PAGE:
What the Meetings and Events Industry Can Learn from RFRA

April 23, 2015

Recently, we saw the rise and fall of Indiana’s now infamous Religious Freedom Restoration Act (RFRA). What began as a quiet, state-level policy soon erupted into the most hotly-contested debate in the United States.

RFRA initially specified that government could not "substantially burden" a person's ability to follow their religious beliefs, unless there was a compelling interest in imposing that burden or government could do so in the least restrictive way. For many, the legislation left too many possibilities for legalized discrimination against the LGBT community.

Guided by the belief that everyone should be able to conduct business free from discrimination, leaders across the country stepped up to champion an alternative way forward – demanding equal treatment for all, with no exception.

Calls to immediately suspend business travel, conferences and conventions placed pressure on Governor Mike Pence and the Indiana state legislature and threatened a heavy blow to their public support, political capital and economic growth. Critics of RFRA helped force a much needed policy change in a remarkably short time. Their work is to be applauded, although, it came at a price.

The services provided by the meetings and travel industry often go unnoticed, but as members of our industry know very well, the economic impact is unmistakable.  Indianapolis' tourism and convention business is estimated to have a $4.4 billion annual economic impact with some 75,000 jobs. Nationwide, the meetings and travel industry contributes more to national GDP than the air transportation, motion picture, sound recording, performing arts and spectator sport industries. Our industry creates hundreds of thousands of jobs and generates billions of dollars in revenue, supporting communities across the country.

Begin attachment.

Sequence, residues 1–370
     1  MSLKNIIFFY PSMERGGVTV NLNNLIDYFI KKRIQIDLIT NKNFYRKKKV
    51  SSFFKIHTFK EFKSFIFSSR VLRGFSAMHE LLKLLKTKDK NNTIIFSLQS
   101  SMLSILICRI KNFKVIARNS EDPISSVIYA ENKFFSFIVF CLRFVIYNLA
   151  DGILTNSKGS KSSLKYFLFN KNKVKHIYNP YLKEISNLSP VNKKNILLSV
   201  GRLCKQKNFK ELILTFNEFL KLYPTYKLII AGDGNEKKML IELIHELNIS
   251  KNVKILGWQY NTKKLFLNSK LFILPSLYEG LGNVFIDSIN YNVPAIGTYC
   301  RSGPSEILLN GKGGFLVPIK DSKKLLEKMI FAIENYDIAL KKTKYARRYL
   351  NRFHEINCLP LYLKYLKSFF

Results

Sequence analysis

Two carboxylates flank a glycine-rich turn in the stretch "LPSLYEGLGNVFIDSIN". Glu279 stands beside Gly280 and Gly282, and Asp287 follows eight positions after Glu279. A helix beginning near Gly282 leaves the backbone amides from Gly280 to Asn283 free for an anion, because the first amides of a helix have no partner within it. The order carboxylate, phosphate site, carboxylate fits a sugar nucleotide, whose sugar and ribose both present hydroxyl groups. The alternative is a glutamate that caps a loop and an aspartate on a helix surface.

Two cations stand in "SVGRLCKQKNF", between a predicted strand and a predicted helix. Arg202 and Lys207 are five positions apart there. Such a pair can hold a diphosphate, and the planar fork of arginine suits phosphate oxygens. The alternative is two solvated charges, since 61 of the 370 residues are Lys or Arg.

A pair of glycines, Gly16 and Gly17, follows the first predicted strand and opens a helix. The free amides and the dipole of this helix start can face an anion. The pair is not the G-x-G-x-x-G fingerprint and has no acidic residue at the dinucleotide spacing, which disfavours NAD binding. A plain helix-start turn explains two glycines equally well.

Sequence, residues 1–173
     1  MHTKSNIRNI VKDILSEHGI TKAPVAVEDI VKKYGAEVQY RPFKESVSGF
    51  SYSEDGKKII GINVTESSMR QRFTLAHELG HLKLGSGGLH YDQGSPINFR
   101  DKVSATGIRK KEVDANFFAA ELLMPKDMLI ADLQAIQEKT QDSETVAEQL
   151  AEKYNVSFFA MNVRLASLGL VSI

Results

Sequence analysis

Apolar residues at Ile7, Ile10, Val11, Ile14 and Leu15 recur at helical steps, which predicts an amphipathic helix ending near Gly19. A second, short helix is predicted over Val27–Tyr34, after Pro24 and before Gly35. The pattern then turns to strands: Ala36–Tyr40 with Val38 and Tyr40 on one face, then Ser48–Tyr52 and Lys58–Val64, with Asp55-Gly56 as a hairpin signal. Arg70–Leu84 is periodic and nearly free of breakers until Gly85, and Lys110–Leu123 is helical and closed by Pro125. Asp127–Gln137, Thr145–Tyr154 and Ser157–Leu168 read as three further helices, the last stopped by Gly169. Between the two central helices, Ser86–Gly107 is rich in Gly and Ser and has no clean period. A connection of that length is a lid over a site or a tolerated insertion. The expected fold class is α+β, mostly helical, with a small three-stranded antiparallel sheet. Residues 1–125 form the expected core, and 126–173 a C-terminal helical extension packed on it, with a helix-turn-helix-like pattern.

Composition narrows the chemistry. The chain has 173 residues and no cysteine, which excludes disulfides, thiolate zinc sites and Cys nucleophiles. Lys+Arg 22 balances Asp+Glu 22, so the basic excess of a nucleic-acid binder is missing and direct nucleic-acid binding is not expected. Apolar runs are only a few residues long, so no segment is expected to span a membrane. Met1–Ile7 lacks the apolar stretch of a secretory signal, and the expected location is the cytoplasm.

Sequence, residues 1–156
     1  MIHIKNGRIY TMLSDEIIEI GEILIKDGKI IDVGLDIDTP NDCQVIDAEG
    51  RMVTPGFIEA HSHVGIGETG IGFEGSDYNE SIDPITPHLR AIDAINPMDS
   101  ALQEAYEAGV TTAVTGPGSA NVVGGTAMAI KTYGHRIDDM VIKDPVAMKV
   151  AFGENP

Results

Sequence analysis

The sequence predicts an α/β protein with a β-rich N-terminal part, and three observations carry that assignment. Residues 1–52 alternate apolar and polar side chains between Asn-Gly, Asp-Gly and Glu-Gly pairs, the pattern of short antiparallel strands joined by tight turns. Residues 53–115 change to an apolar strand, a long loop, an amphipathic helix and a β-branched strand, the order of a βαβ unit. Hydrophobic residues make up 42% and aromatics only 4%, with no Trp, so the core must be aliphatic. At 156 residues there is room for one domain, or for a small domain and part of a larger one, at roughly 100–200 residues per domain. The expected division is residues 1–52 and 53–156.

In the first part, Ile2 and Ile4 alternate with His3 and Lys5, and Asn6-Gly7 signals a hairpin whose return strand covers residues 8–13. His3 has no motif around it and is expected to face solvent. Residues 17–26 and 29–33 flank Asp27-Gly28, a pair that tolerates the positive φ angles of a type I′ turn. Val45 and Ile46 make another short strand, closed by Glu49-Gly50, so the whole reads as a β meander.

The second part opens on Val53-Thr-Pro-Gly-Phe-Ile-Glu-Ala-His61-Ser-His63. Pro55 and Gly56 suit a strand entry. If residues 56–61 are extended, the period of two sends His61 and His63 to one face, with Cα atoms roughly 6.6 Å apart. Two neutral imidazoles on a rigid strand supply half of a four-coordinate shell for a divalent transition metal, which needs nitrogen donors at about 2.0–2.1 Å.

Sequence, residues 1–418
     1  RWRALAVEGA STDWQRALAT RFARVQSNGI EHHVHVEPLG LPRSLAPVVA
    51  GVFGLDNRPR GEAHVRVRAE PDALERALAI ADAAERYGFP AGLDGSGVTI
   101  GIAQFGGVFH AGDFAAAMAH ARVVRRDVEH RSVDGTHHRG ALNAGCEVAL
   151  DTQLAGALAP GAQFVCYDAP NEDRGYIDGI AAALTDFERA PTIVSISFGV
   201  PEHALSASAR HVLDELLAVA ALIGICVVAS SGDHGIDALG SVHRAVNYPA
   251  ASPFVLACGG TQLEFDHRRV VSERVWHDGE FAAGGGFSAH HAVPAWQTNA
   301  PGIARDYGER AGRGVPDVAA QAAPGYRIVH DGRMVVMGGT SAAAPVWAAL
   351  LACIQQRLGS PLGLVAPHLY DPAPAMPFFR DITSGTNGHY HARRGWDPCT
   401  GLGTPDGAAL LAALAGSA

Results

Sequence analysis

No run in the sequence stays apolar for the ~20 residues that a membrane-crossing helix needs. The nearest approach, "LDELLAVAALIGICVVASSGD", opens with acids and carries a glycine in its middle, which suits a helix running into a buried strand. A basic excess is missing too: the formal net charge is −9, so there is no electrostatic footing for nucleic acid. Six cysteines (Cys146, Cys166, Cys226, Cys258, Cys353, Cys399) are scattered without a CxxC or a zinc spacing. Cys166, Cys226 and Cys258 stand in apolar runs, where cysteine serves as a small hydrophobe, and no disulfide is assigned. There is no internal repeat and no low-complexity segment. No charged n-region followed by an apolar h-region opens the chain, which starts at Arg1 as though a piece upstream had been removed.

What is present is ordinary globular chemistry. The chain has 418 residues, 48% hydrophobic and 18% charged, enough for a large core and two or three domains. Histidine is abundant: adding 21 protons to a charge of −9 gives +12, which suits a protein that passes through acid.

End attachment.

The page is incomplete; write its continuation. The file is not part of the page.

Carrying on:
Boycotts like the ones we saw in Indiana have unintended consequences for local communities, who count on in-person meetings, events, conferences and conventions to sustain themselves. Local businesses were not the targets in this case, but they were certainly caught in the cross hairs.

We are mindful of the local economic impact when a meeting is cancelled because we know that hosting an event, convention or trade show stimulates a region’s economy by bringing in new visitors, who stay in area hotels, eat in local restaurants, shop in neighborhood stores and bring new revenue to the destination.

Experiencing a destination first hand is the best marketing tool for a community. While at a meeting, attendees have the opportunity to explore a destination and those experiences often influence their decision to come back – whether for business or leisure travel.

With the potential for RFRA to emerge as an issue in more than a dozen other states, it may now be time to ask whether it is fair to leverage local businesses in order to win political battles.

As Leonard Hoops, president and CEO of Visit Indy pointed out in a statement opposing the initial act: “Indy is open for business to all. The passage of the state’s RFRA did not change who we are overnight, or the fact that our community values and appreciates all of our guests.”

The issue in this case was with politicians, not local businesses.

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